News Desk

SIFA slams NSW Police Commissioner


The Shooting Industry Foundation of Australia has slammed the NSW Police Commissioner’s recent claim that Australia lacks the programming expertise to deliver a firearms records management database project.

The state’s police commissioner admitted that the NSW Police has failed to complete the Firearms Licensing and Lifecycle Management System (FLLMS) project which would enable real-time tracking of permitting and registration details and replace the cumbersome existing paper-based processes.

“Since 1996, NSW Police has dodged its responsibility to develop technology which is required under the National Firearms Agreement,” says SIFA Executive Officer Rod Drew.

“And despite numerous calls from industry and others to address this ongoing debacle via proper industry consultation, the NSW Firearms Registry continues to operate with the lights off more than two decades after the NFA was implemented,” Mr Drew says.

SIFA is the peak body representing business in defence, law enforcement and civilian markets and works in advocacy, education, research and safety promotion, demonstrating the economic and social value of Australia’s firearms industries.

“SIFA has proven, time and again, our commitment to the safety, security and sovereignty of this wonderful country, working within the regulatory frameworks and adapting to uphold community standards,” Mr Drew says.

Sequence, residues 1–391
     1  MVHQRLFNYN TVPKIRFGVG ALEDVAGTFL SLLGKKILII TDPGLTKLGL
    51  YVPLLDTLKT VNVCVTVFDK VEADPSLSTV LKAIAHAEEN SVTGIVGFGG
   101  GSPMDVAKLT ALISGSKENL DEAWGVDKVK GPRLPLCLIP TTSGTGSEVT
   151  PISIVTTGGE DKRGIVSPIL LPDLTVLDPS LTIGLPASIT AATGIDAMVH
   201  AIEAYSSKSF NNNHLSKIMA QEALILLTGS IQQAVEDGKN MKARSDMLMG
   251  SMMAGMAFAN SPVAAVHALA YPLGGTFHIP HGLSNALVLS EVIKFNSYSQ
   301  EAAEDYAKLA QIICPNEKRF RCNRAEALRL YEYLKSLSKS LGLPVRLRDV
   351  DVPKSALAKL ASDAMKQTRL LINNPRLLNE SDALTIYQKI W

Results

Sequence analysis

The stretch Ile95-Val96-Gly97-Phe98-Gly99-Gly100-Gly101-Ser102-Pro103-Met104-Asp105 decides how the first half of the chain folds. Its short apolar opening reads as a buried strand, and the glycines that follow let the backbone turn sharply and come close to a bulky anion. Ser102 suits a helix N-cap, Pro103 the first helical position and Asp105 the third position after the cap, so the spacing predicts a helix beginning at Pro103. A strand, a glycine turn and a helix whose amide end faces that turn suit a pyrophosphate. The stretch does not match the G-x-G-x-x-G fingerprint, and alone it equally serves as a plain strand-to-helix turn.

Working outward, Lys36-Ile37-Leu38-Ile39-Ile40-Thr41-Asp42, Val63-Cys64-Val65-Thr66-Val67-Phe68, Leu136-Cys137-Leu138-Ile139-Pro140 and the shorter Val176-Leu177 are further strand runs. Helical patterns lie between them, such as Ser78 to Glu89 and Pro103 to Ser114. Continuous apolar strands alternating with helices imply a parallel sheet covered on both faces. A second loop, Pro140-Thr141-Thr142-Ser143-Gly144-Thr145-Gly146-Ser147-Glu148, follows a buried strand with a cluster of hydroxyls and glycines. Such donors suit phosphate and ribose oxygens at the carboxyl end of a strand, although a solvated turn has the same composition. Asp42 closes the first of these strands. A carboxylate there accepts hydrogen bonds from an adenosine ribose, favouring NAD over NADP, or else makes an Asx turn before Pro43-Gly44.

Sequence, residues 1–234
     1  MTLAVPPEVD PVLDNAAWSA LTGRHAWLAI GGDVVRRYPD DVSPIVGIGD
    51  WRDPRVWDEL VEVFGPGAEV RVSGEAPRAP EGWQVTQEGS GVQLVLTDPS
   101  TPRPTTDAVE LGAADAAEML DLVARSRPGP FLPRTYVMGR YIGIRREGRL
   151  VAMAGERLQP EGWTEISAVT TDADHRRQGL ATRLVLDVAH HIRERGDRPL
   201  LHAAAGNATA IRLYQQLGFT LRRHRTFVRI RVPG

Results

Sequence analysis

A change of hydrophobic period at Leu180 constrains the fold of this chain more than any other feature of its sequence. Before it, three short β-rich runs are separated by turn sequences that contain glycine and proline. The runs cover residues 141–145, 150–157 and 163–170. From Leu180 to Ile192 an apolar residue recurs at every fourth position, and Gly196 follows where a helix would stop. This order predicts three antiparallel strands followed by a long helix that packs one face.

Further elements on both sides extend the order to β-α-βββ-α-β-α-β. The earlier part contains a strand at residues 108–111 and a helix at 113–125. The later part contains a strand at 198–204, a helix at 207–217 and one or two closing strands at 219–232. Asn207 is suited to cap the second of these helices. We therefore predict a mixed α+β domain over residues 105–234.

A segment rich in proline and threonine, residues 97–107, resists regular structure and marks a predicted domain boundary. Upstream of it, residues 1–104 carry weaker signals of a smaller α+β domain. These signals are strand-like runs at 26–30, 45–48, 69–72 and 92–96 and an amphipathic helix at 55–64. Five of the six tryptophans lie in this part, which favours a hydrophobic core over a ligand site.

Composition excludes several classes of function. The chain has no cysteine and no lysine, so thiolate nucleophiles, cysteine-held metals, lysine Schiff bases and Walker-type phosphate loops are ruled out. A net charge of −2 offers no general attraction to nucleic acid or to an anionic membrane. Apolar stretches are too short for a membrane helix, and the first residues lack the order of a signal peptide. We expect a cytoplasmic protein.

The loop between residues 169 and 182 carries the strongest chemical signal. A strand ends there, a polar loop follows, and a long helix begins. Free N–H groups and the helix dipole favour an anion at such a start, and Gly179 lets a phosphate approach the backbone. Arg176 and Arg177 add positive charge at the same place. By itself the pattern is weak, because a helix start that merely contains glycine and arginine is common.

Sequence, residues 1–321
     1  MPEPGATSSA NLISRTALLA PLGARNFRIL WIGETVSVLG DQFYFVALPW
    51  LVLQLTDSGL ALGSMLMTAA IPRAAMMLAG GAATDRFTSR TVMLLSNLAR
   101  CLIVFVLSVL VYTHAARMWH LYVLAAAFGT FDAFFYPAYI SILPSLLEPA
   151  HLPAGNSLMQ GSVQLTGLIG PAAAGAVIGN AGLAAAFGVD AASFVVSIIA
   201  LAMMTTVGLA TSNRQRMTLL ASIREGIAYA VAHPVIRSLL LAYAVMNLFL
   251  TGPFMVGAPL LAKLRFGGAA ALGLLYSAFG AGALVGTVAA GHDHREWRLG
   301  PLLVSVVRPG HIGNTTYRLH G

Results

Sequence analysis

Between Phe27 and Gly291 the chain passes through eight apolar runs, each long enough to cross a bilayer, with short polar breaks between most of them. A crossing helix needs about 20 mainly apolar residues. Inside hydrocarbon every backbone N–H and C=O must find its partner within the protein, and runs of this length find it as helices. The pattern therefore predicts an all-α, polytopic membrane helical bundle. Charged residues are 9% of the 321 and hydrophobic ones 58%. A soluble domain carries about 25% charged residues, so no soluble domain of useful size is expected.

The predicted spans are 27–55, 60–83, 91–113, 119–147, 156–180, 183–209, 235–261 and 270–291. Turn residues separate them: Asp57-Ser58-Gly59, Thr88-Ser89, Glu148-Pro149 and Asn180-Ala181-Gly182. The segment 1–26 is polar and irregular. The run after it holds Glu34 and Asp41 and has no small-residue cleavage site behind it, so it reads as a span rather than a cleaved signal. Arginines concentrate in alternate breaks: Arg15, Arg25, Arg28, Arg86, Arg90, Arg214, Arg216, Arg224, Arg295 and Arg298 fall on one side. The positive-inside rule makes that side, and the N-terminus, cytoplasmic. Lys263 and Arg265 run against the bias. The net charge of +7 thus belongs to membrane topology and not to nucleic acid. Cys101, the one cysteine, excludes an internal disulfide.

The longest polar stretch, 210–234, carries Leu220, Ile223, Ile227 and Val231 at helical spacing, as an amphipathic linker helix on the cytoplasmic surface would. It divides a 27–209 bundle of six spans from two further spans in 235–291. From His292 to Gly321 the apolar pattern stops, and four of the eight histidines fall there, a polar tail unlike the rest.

“I wish we could say the same of NSW Police, who continue to ignore the NFA and fail to implement key recommendations of the Martin Place Siege Report (2015) because they find managing a technology project on time and on budget a bit too hard,” he says.

“A Police Force that does not have access to real-time, quality data with which to make important informed decisions around firearms licensing, permitting and registration has no claim to be responsive to 21st century threats,” Mr Drew says.

SIFA calls on the NSW Police Minster Troy Grant to establish an immediate and urgent review of the FLLMS project, consultation with industry, and the funding of a technical solution that upholds both the National Firearms Agreement and Martin Place Siege report  recommendations.

The Shooting Industry Foundation of Australia was established in 2015 and works for improved engagement between industry and governments at local, state and federal level.

“We are in the business of Australian safety, security and sovereignty. We are trusted to provide essential services and equipment to our soldiers, sailors, aviators and police. We supply Australia’s million licenced firearms holders the arms, apparel and accessories they need to pursue their passions and professions and preserve their cultures,” Mr Drew says.

“And in so being, we are in the business of working with politicians in the ongoing development of sound laws, policies and processes that underpin the stability of this democratic nation,” he says.

SIFA’s public statements and campaigns are rooted in respect for Australian Democracy.

Laura Patterson, SIFA Communications and Research, says Australia’s ongoing stability and prosperity depends on the work of everyday people.

“And we mean genuine, everyday people like the millions affiliated with the Australian firearms industry. These people must have a say in formulation of policy which reflects their aspirations; these people must have a role in decisions that affect their lives,” Mrs Patterson says.


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